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Salts & Dampness in Buildings

Salts.

Dampness in Buildings may be apparent in a variety of forms, arising from a single factor, but often from several sources simultaneously. It is therefore paramount for a surveyor to correctly diagnose the cause or causes of the dampness in a property to then determine the correct remedial measures to eliminate the cause of the problem.

The Inspection.

The presence of dampness is often determined by the visual evidence available at the time together with the proper use of a moisture meter. We would always recommend that a dual facility electrical moisture meter is used preferably having both pad and pins, which if used correctly can ascertain the level of moisture and establish a pattern of the moisture distribution on a wall surface. However where a definitive conclusion of rising damp is required then further evidence can be gathered by measurement taken within the depth of the wall BS:6576 code of practice refers: This may then lead to further disruptive examination and involve the use of a calcium carbide “speedy meter” or even the removal of samples for laboratory testing using the gravimetric or oven drying process for determining accurate moisture content. However chemical testing can also prove valuable in assessing dampness and as such a SALT TESTING KIT can be used effectively.

Soluble Salts.

A number of salts may be present in the structure of a building. Ground water almost certainly contains dissolved mineral salts which tend to concentrate at the wall surfaces where water evaporates. The most common soluble salts associated with ground water are nitrates and chlorides and therefore, these can be used as natural trace elements by a competent surveyor.
Nitrates and Chlorides are hygroscopic salts and have the ability to absorb moisture from the atmosphere, thus potentially leaving a wall damp due to hygroscopic moisture alone. Plaster that is affected by moisture and hygroscopic salts should be removed and replaced with material which is able to withstand their effects-BS6576 refers: see also Heyen Re-plastering guide available on request.  Frequently white crystals or a dry white powder can be found on the surface of plaster or masonry. These are efflorescent salts, the most significant of which are sulphates. They are often present in masonry and their occurrence on the surface is indicative of the passage of water through a structure, possibly from rainwater penetration or as the result of the natural drying out process.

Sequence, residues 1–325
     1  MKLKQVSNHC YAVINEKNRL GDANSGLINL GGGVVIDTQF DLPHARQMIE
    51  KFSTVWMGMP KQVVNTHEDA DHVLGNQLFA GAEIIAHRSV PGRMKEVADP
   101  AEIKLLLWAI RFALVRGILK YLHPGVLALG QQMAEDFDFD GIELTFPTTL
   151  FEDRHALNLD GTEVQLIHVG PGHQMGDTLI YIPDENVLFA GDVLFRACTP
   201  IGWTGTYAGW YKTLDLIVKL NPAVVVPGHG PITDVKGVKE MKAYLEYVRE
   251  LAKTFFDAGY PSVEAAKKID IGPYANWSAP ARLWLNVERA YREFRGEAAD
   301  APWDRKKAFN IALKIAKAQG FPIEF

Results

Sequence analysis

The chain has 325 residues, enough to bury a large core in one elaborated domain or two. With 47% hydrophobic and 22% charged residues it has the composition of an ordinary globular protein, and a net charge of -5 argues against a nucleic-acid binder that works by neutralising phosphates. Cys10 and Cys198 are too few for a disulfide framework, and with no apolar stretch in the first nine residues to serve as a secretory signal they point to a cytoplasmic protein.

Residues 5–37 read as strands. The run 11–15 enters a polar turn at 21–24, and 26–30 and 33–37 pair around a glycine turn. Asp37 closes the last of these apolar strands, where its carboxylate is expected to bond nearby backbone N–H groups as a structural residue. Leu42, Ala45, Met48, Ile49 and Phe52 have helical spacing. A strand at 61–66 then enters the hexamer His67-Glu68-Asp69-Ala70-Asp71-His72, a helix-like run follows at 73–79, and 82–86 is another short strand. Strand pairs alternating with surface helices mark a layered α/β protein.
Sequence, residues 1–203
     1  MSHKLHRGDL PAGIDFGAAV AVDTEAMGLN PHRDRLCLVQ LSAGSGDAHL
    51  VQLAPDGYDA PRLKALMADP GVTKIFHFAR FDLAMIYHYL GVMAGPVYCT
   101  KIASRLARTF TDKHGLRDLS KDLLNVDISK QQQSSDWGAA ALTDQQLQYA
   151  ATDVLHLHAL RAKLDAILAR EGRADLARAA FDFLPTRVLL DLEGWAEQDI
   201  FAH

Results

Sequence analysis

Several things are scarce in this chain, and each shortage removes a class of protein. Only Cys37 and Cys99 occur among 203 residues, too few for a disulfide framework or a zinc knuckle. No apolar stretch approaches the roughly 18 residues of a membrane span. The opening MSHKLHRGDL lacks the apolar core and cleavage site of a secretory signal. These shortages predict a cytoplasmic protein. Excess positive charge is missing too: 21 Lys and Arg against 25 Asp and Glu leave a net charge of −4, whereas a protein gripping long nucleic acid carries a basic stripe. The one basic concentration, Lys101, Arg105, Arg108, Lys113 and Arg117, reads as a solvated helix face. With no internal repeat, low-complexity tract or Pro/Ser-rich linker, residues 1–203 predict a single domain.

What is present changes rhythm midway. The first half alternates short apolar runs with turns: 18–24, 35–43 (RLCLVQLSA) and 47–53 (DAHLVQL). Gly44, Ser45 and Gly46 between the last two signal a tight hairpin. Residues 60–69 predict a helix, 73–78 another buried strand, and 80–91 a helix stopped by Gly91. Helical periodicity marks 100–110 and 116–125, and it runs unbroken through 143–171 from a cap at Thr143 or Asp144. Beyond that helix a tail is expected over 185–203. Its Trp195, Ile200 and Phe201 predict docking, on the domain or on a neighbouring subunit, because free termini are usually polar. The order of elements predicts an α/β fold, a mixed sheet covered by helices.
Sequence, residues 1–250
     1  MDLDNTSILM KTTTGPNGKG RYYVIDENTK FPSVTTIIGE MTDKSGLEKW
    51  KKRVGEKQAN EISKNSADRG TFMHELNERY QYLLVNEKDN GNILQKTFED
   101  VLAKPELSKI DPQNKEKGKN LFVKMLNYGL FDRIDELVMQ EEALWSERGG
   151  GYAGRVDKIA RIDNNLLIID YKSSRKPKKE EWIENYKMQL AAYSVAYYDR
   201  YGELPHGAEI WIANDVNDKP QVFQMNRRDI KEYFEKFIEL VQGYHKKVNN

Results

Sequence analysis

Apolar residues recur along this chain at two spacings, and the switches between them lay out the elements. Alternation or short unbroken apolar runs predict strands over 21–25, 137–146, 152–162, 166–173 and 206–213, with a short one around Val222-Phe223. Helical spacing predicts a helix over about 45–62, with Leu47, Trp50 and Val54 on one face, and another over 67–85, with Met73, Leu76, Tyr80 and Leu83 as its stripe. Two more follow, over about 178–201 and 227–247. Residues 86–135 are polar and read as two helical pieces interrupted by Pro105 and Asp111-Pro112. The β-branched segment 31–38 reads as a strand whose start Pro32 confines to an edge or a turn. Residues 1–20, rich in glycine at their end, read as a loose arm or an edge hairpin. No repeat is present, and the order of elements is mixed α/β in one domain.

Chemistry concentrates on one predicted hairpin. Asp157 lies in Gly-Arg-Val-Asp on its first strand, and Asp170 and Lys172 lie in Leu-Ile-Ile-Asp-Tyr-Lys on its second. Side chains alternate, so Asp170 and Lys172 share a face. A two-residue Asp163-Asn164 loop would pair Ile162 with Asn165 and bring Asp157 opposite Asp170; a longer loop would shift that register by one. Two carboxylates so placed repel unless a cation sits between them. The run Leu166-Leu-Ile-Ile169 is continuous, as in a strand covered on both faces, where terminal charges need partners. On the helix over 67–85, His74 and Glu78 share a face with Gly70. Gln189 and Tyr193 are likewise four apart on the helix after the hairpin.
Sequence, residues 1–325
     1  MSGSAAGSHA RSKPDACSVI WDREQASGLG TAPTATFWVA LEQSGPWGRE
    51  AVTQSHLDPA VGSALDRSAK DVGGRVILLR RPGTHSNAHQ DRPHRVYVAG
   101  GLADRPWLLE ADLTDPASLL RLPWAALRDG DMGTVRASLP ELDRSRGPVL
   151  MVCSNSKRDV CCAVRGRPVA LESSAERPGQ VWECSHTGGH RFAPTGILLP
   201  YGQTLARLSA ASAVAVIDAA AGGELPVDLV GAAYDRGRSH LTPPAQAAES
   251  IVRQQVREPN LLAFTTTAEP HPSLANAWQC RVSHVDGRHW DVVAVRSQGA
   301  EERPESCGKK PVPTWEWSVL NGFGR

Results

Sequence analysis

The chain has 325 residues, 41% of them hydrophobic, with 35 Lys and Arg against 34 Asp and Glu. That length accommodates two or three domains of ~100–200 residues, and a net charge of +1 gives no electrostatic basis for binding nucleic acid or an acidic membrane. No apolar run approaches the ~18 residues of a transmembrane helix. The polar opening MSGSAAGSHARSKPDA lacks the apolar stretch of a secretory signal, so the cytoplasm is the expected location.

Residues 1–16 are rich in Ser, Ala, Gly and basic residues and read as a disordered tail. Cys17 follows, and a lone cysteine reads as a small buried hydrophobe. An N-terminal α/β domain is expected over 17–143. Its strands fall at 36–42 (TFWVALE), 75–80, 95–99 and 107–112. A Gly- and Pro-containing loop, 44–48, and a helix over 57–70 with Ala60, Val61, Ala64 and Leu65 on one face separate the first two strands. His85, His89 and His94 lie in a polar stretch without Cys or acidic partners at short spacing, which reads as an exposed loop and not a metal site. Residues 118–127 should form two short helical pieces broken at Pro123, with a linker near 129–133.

Sampling.

Sampling Procedure. Samples for testing can be wallpaper,plaster,render,mortar, or brick for example. Where the salts are visually obvious then there is usually no difficulty in deciding from where to take the sample. Where they are not so obvious, but there are signs of dampness then it is best to to take samples from the edge of damp since this is where evaporation will have taken place and the salts will have concentrated in those areas. We do not recommend that diagnosis is made based on a single sample, but results should be compared with a sample taken from an area clearly not affected by dampness which can be used as a control.

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